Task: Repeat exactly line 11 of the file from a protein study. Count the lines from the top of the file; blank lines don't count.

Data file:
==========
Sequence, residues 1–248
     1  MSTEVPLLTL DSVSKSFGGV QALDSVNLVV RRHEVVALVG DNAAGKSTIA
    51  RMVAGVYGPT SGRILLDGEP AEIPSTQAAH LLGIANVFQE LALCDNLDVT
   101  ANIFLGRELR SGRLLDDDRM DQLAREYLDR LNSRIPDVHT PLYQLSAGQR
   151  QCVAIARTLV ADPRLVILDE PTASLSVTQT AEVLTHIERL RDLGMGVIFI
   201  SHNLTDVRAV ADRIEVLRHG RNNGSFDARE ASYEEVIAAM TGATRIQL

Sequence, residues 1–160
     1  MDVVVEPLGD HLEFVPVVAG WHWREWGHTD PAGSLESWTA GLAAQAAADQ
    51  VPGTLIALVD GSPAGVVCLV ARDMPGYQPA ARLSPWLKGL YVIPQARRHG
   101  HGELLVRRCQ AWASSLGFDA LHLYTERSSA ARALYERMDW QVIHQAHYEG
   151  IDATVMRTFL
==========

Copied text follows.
   151  IDATVMRTFL